Apart from the difficulties of getting them off earth and to Mars in a matter of weeks, as opposed to the months typical of unmanned missions to the planet, there remains the far from trivial problem of getting Musk’s pioneers down to the surface of Mars. This has proved a major issue for the Rover missions sent to date. Then there are the problems of what the colonists would do once they got there, and what happens if they want to return to Earth. There is certainly no profit in the venture itself.
During his presentation Musk expressed surprise that nearly 50 years after the first moon landing there is no moon base, but that is because no one can think of a reason for maintaining a presence on Earth’s companion, or at least not one that would justify the vast expense involved. Exploration can be done remotely at a fraction of the cost of an unmanned mission, and there is no obvious, commercial reason for a base. Anything that can be manufactured in orbit, on the moon or on Mars can be manufactured on Earth. There are no pressing minerals shortages that require mining of the moon or the asteroids, with all the attendant problems of getting the material back to the earth’s surface.
That leaves space tourism, which has occurred, but presents all sorts of problems of getting untrained tourists safely and reliably into orbit and getting them back again, and it remains a limited market.
Enter the launch service as a competitor to the major airlines. Musk seems to hope that this idea will make his Mars rockets more affordable, as the same launch vehicles will also be used for a commercial service, making the individual vehicles cheaper.
A glance at the history of Concorde indicates that cutting air travel to even a fraction of the time now required may not be much of an edge. For decades Concorde services cut travel times between major cities in half, only to stop in 2003. This was for a host of reasons, but as an Aviation and Space Technology Weekly editorial observed at the time, customers who valued time preferred private jets, and the rest were unable to justify the steep extra price of using the Concorde. Today there are no supersonic transports for commercial flights on the drawing board.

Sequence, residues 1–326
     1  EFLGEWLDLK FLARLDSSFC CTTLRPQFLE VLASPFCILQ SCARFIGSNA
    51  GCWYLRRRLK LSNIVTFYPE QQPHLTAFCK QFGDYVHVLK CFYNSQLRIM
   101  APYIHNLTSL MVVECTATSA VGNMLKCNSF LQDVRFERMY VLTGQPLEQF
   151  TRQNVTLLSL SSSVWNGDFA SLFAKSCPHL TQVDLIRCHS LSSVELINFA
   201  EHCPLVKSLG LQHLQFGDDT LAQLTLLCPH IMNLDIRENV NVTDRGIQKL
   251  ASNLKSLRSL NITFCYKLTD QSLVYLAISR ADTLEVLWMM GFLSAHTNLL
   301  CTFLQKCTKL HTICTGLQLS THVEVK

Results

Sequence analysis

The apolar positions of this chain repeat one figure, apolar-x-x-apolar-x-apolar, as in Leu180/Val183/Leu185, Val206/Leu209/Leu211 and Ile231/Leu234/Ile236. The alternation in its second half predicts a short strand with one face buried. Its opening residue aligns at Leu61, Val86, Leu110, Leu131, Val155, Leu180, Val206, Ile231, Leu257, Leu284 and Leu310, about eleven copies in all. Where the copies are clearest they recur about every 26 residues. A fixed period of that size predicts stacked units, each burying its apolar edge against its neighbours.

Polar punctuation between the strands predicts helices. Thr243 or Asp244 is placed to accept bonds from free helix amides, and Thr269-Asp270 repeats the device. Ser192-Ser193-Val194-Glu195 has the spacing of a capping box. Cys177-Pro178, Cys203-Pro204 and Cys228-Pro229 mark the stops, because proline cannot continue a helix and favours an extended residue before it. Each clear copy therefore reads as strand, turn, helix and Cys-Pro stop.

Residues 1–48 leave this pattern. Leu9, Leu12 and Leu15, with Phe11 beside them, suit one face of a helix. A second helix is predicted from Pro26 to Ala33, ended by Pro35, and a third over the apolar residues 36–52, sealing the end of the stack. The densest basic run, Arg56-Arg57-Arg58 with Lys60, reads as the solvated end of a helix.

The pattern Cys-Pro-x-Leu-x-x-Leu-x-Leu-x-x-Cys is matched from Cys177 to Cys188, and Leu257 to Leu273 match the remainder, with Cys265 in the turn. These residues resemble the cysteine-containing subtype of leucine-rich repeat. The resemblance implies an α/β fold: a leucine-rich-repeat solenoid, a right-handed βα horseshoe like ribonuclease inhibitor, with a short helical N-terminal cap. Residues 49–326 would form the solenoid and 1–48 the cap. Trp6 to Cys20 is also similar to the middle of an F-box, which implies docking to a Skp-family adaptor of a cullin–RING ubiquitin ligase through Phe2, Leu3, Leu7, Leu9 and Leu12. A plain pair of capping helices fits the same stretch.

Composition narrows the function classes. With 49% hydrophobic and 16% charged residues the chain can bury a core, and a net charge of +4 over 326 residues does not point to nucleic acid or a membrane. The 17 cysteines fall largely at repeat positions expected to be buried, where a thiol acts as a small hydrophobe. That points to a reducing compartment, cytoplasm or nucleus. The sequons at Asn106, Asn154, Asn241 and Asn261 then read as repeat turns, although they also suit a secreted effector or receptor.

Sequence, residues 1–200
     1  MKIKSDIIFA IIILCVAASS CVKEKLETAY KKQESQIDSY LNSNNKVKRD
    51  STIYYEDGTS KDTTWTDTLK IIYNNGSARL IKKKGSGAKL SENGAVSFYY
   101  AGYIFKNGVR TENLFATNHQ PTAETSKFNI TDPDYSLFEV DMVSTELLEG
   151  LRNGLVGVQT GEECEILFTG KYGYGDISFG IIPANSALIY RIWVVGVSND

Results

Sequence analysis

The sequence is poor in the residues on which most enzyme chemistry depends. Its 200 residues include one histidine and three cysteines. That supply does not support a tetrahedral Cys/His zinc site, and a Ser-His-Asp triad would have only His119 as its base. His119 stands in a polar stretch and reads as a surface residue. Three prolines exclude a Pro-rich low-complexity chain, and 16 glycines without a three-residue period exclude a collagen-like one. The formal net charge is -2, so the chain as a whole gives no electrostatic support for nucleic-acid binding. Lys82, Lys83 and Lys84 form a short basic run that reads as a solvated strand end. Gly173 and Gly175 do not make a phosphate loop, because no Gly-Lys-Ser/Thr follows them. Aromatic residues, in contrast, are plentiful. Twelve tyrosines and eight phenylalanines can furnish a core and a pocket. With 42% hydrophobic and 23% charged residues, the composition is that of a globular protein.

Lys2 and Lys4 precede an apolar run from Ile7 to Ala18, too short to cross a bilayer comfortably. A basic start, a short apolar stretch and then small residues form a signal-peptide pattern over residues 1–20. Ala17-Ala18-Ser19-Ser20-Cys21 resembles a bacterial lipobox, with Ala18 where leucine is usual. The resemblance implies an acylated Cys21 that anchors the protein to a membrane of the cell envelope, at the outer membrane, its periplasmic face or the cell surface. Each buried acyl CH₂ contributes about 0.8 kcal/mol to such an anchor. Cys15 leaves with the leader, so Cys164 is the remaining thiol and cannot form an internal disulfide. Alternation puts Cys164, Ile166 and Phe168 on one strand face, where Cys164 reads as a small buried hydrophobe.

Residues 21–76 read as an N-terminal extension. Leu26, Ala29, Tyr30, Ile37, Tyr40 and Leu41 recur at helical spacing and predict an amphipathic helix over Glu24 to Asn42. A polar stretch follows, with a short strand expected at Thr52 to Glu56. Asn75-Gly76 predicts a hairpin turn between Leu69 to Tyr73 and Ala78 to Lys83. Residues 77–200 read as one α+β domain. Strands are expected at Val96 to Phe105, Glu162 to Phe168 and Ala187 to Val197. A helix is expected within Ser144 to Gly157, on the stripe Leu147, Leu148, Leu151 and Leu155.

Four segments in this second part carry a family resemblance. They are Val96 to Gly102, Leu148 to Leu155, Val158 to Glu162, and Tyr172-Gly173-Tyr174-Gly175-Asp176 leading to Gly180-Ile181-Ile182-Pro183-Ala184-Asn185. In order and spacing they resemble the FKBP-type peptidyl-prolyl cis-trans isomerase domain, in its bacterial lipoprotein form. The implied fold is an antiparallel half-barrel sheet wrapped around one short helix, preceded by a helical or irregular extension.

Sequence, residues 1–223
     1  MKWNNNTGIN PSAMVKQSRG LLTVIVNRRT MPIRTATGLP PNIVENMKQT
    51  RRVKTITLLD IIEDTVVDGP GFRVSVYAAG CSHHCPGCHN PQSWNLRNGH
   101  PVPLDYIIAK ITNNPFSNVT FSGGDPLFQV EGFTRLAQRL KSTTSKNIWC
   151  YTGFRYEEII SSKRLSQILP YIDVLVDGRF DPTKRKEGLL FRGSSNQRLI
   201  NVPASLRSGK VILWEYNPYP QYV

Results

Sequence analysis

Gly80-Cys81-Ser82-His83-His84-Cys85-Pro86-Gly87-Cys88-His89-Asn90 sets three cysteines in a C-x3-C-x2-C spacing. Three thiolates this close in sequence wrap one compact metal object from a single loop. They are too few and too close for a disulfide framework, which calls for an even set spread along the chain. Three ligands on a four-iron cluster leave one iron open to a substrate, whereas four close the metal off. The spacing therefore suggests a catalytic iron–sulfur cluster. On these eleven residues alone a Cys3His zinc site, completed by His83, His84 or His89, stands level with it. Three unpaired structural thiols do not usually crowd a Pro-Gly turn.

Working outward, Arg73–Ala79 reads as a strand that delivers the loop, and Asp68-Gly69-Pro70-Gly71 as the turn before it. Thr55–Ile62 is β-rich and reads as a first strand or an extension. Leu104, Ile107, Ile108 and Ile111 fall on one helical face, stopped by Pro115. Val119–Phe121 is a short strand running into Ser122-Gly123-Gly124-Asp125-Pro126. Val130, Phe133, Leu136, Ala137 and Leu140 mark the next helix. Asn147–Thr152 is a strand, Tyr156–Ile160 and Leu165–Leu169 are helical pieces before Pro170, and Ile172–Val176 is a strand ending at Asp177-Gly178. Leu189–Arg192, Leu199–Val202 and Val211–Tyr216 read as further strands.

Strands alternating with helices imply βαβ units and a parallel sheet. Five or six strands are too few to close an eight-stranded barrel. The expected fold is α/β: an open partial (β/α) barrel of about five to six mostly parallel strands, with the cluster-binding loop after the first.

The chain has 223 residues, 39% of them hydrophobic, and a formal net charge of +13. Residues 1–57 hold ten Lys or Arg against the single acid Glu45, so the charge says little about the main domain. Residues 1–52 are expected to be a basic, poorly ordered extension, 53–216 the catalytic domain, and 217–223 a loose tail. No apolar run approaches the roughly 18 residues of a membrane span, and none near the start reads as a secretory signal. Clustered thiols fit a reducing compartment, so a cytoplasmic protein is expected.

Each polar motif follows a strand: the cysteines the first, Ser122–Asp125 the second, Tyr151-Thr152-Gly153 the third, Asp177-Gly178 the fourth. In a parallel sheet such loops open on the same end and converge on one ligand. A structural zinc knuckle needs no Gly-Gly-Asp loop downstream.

Then there are all the problems of putting launch platforms where commuters can access them. Aircraft noise from airfields is a sore point in many cities; rocket launches and landings would lift that issue to a whole new level. The Concordes used normal airports but had to wait until they were well out to sea before shifting up to Mach 2, with its resulting sonic boom.
Musk is undoubtedly an effective, driven person with vision and he has already left an indelible mark on the rocket launch, electric car and battery manufacturing industries. But he also has the ability to make governments contribute to his dreams, with a case in point being the gigantic battery now being built in South Australia, and has little apparent concern for profit. Those of us who live in the real world may be entranced by Musk’s ideas, but we should also be mindful of the risks and keep a firm hand on our wallets.